My first batch of bagels was kind of wonky. I followed Claire’s recipe exactly and while they tasted good, even though I left them in the oven a couple minutes too long, I struggled with shaping them. Ultimately, I gave up on the rope/snake version and tried shaping by making a hole in the middle of the dough ball and stretching it out. (She mentions that method briefly in the video) The result was a puffy, perfectly chewy bagel that looks more like the bagel shape I am used to seeing. (Not sure if that makes it any less authentic?…) This has remained my go-to method of making bagels ever since.

I have yet to make my bagels with toppings on them like everything seasoning or sesame seeds. Personally, I prefer a plain bagel so that I can go savory or sweet depending on my mood. Also, you may or may not get a full dozen out of the dough. I weigh all of my ingredients on a scale and I have never had the same quantity result. Don’t worry if that happens to you. It is what it is…

I have also learned that doubling the batch is a requirement if you have teenage boys in your home. A single batch is great if you just want bagels for a Sunday morning. If you want to have some, say for the week, it’s best to make a double batch. Whatever you don’t eat that day can be sliced and put in the freezer. All you do is grab one and throw it in the toaster for a perfect weekday breakfast.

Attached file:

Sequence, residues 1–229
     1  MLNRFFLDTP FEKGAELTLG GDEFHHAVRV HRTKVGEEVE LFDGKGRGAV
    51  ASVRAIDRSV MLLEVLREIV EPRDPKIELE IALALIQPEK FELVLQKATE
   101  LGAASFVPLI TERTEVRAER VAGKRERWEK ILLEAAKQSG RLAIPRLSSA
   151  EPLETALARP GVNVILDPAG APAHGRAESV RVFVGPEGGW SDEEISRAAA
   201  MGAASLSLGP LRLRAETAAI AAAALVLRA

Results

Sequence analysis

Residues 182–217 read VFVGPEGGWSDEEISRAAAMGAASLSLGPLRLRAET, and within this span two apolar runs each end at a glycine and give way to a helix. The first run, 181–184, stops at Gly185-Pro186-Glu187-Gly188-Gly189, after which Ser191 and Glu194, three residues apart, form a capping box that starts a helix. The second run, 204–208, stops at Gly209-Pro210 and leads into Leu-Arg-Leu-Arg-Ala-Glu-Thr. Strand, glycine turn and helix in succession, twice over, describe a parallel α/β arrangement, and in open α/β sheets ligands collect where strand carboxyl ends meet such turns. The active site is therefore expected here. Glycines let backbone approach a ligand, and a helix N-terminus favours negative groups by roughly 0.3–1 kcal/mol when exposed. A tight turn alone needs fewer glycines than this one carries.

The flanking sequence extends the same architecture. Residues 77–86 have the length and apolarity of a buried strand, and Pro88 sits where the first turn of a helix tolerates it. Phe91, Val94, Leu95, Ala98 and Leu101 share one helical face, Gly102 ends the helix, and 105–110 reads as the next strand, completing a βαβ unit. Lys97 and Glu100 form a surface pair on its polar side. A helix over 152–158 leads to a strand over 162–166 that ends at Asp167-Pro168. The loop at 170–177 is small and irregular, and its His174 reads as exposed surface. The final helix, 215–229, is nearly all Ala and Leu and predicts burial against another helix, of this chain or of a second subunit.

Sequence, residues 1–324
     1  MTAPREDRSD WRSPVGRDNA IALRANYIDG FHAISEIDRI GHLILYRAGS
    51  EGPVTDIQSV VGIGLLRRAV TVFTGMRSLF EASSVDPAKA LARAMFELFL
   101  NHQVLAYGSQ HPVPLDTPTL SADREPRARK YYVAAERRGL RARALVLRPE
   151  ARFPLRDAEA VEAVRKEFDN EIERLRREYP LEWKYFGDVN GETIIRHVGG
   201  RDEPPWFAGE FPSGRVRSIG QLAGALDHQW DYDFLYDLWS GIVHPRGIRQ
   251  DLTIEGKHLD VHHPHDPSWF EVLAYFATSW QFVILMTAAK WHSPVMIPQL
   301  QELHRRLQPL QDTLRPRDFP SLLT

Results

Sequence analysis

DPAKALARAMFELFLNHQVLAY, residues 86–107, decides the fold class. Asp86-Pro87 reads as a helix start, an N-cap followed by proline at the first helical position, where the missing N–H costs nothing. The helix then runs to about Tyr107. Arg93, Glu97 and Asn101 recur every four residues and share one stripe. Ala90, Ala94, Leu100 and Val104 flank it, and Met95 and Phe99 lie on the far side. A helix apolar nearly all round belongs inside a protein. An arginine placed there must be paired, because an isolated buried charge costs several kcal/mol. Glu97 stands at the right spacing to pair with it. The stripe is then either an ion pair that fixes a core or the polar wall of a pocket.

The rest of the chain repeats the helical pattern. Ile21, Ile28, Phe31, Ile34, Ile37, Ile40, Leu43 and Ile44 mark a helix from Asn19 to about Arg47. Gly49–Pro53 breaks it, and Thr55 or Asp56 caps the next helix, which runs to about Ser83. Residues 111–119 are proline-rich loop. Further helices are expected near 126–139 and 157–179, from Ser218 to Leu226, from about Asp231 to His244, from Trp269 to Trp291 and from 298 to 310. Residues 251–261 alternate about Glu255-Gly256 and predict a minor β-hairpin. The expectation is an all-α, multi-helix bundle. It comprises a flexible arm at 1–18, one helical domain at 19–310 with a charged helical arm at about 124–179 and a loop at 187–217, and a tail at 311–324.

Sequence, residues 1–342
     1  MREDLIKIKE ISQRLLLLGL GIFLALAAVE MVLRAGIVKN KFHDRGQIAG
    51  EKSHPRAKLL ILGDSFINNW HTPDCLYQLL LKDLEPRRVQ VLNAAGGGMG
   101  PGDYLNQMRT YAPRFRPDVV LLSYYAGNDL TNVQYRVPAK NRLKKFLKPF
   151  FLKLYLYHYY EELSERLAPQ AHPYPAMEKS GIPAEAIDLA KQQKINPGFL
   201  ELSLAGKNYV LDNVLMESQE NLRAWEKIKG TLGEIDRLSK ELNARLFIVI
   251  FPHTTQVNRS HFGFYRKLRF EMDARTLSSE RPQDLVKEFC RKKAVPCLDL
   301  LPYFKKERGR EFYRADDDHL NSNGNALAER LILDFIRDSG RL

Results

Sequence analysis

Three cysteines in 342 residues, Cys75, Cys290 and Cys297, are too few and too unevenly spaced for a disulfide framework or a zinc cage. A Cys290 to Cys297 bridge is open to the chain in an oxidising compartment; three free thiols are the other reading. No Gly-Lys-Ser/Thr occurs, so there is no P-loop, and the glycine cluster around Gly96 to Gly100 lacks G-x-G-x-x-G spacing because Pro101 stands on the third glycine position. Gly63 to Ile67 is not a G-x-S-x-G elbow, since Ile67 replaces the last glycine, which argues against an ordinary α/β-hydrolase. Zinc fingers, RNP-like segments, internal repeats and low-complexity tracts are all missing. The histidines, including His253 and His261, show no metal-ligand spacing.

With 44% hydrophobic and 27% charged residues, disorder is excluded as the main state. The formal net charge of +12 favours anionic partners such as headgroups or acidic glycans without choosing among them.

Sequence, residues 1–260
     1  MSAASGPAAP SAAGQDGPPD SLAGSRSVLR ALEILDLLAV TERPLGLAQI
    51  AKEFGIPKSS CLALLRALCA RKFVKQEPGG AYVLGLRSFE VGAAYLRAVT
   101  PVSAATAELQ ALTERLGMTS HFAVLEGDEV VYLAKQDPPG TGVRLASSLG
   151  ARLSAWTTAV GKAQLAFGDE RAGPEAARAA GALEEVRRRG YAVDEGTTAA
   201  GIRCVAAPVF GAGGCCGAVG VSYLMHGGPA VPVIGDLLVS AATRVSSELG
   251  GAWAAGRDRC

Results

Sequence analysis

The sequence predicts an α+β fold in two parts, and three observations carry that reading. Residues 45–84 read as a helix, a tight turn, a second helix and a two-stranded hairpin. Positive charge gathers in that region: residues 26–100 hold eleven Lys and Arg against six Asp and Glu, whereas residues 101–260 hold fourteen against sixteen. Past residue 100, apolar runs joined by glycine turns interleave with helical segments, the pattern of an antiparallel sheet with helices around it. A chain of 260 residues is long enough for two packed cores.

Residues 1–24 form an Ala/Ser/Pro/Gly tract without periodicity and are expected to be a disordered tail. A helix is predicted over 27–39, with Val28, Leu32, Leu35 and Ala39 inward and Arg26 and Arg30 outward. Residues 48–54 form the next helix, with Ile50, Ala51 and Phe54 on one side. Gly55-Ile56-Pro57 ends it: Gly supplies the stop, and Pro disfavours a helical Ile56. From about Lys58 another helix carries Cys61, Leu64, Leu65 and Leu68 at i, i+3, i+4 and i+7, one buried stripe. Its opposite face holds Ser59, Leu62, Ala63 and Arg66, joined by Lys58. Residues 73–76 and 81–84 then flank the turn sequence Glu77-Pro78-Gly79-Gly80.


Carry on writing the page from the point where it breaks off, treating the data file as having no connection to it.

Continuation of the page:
Another word of advice? Line your cookie sheets with parchment and/or spray them lightly! The water and malt syrup bath can make them stick to the sheet, which is a bummer.

NY Style Bagels Recipe
Adapted from the New York Times Cooking
Yields 12 bagels (most of the time)
Read more…